Akamai Lines Background

Akamai maintains a series of policies and procedures to manage the network that transmits customer data securely. We maintain and enforce a Deployed Network Access Policy outlining the controls, roles, and responsibilities that ensure employees only have the access privileges necessary to do their jobs.

The policy applies to write-enabled (root or administrator) access to the Akamai deployed network, a collection of servers that have external IP addresses and whose access is controlled by Platform Operations. All access is restricted to authorized personnel and depends on the need and role of the employee. Only the vice president of platform operations can approve exceptions.

Any employee seeking a specific level of access must be approved in advance, with approvals documented for regular audits. The employee's manager must be notified whenever a default approval is exercised. The manager must acknowledge this notification within a reasonable time after the grant is issued, and the acknowledgment must be documented identically to standard approvals.

Those requiring root access to machines covered by this policy and who are not members of a pre-approved role group can request access for a limited time for a specified list of machines. In those instances, all temporary access grants to machines covered by this policy must be restricted to authorized personnel. The employee requesting access must have the request approved by the employee's manager, a Platform Operations Senior Engineer, and a Network Owner or an Incident Manager.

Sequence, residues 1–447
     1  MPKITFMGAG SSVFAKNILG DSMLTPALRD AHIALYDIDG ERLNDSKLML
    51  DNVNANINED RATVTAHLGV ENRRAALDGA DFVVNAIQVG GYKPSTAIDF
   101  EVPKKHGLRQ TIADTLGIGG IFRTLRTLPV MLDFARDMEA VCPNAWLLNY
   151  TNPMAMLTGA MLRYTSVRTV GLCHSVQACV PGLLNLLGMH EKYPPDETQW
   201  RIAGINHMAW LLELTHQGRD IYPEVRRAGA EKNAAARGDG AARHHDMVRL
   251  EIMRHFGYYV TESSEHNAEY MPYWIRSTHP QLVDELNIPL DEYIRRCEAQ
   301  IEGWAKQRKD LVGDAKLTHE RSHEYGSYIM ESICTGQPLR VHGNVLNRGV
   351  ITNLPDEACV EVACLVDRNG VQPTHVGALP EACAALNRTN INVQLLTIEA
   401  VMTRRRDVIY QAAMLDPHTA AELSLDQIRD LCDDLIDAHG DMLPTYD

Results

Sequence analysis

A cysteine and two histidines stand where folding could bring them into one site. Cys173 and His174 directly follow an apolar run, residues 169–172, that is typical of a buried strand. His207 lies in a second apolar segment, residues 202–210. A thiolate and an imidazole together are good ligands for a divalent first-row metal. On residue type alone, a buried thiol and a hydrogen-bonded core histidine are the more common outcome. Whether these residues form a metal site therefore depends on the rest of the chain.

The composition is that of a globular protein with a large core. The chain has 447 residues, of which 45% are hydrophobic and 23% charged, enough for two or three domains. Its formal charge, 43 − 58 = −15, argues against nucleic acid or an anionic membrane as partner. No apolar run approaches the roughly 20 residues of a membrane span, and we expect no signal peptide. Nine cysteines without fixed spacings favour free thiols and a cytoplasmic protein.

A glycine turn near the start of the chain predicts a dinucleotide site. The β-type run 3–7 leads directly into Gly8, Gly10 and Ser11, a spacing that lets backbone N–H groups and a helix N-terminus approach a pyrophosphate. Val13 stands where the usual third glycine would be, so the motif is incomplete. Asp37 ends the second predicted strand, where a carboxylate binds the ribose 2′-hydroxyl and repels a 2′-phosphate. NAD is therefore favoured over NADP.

Diligent record keeping is an essential part of the Access Control policies. Platform Operations must maintain an auditable record of each instance where someone received time-limited network access.

This record includes answers to specified questions from the NOCC, authentication approval, and a unique ID for the grant issued.

Another way we manage access control is through Authgate, an Akamai-developed system for accessing edge machines via SSH with restrictions that can allow or disallow user access based on machine type or number of machines that user has accessed in a day. All accounts in Authgate and deployed network access are managed by the NOCC.

Putting an ssh identity for all employees on all production servers would be a security nightmare (as well as a logistical nightmare), offering very little access control and very little reporting. With Authgate, only the Authgate's ssh identity is allowed access to the edge machines. Employees connect to authgate via gwsh (a wrapper around ssh), and authgate controls whether or not the connection is forwarded to the edge machine. Access via Authgate is controlled using Grants. Grants are managed using authgate-ui. All grants are contained within a single file (the grants file). Basically, a grant allows a given class of users access to a given class of machines for a given period of time. Grants also define the remote username that is used to log into the edge server.